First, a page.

Legal Experts to Discuss Future of Tribal Government Gaming

Press Release
For Immediate Release

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Legal Experts to Discuss Future of Tribal Government Gaming

January 18, 2005

Three noted experts on tribal government gaming will discuss proposed changes that could dramatically alter the nature of Indian casinos at the upcoming Western Indian Gaming Conference in Palm Springs January 26.

The panel “The Fight to Save Class II Gaming” will focus on proposed changes by the National Indian Gaming Commission (NIGC) on the definition and technical standards of so-called Class II games, over which the NIGC has oversight responsibility.

The panel will be moderated by Michael Lombardi, a former Indian casino manager, gaming expert and the current chief regulator for the Augustine Band of Cahuilla Indians in the Coachella Valley. Also on the panel will be Terry Poust, a past member of the NIGC and currently an attorney practicing Indian law with the firm of Holland & Knight, and Judith Shapiro, another leading legal expert on Indian gaming who is now a sole practitioner representing a number of tribes.

“The NIGC has gone so far as to consider redefining what the game of bingo is, something that is outside their jurisdiction,” Lombardi said. “The commission is also considering requiring a type of pre-certification of Class II games before they can be operated. We find both these developments very troubling and we will be discussing the ramifications of these potential actions and others.”
Class II gaming generally refers to bingo and does not include banked card games, black jack or slot machines.

Last year the conference drew more than 600 participants and 130 exhibitors. It will be held January 26-27 at the Palm Springs Convention Center.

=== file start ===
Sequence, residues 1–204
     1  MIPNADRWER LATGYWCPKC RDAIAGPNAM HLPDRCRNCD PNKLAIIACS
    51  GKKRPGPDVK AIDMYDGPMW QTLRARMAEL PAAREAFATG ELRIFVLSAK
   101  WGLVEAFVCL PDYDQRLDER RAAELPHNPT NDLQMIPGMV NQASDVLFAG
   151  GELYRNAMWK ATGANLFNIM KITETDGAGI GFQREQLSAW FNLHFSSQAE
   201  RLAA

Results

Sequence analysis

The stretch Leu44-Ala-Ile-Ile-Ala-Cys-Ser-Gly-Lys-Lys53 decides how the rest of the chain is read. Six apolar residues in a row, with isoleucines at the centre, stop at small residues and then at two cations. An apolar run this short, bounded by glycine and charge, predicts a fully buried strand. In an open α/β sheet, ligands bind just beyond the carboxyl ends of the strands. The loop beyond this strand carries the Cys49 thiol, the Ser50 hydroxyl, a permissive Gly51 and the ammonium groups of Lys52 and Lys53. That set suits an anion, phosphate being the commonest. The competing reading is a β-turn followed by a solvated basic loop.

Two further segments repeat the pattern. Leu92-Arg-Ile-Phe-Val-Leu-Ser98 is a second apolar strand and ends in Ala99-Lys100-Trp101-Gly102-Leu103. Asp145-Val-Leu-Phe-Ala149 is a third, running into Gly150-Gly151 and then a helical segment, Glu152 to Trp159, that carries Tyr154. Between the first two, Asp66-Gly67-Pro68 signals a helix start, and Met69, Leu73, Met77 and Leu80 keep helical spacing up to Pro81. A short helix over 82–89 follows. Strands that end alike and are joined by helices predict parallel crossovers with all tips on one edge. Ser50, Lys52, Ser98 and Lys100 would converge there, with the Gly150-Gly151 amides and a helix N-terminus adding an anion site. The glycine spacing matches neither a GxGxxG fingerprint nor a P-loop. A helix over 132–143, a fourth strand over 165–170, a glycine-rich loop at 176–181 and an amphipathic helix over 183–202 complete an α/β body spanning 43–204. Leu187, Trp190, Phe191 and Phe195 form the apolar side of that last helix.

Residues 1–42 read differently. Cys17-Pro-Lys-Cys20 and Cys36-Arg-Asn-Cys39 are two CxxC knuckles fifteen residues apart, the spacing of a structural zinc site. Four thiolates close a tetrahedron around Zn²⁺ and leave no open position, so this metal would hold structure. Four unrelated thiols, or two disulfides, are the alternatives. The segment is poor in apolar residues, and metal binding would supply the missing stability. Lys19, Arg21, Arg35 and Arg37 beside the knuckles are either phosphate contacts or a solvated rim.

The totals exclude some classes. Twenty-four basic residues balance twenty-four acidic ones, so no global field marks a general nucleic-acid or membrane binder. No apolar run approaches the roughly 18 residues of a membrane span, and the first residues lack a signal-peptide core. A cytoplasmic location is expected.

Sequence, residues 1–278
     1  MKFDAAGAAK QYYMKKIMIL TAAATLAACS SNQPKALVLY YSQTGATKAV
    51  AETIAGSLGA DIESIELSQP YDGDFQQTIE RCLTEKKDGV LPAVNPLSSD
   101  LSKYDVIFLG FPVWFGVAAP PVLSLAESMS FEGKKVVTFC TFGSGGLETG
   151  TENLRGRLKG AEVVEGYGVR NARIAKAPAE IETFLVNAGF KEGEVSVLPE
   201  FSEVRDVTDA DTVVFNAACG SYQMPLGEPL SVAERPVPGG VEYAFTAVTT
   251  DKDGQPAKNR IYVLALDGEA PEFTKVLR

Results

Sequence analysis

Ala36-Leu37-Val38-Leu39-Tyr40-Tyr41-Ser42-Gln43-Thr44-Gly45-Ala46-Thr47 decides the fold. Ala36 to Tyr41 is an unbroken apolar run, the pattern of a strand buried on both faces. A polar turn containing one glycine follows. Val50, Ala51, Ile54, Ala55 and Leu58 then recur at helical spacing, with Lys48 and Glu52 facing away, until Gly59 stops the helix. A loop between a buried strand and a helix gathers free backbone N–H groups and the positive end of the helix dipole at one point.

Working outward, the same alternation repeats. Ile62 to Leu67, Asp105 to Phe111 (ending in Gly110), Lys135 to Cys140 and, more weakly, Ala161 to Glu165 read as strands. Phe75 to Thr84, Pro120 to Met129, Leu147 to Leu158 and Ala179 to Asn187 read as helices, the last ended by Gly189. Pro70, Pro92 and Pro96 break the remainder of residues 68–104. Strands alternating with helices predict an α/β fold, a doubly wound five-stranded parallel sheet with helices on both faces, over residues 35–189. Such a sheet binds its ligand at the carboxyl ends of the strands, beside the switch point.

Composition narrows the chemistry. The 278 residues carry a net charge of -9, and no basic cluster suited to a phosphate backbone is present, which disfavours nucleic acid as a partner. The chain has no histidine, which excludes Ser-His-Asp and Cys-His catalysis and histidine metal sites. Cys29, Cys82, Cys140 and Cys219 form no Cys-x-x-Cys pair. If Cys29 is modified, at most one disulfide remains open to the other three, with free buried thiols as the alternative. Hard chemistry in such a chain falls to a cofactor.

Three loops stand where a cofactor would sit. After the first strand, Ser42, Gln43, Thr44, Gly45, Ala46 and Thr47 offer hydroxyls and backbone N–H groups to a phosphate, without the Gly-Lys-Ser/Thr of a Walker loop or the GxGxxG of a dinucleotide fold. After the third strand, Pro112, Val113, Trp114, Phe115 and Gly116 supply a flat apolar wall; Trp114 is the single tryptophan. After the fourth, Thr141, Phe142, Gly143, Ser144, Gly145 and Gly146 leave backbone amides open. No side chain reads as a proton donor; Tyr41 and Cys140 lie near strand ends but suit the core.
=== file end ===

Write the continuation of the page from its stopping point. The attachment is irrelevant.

The conference is sponsored by the California Nations Indian Gaming Association, the state’s largest Indian organization with 62 federally recognized member tribes. CNIGA is a non-profit trade association comprised of gaming and non-gaming tribal nations and is dedicated to the purpose of protecting the sovereign right of Indian tribes to have gaming on federally recognized Indian lands. It acts as a planning and coordinating agency for legislative, policy, legal and communications efforts on behalf of its members and serves as an industry forum for information and resources.

The Palm Springs Convention Center is located at 277 North Avenida Caballeros. CNIGA Director of Communications Susan Jensen will be on site at the conference to coordinate interview and coverage requests. She can be reached at 916-448-8706 prior to the convention. Media may obtain press credentials at the registration counters located in the Convention Center. Individuals wishing to attend the conference may register on-site beginning on Tuesday, January 25.

Additional information, including a complete schedule of events may be obtained on the CNIGA web site at www.cniga.com.

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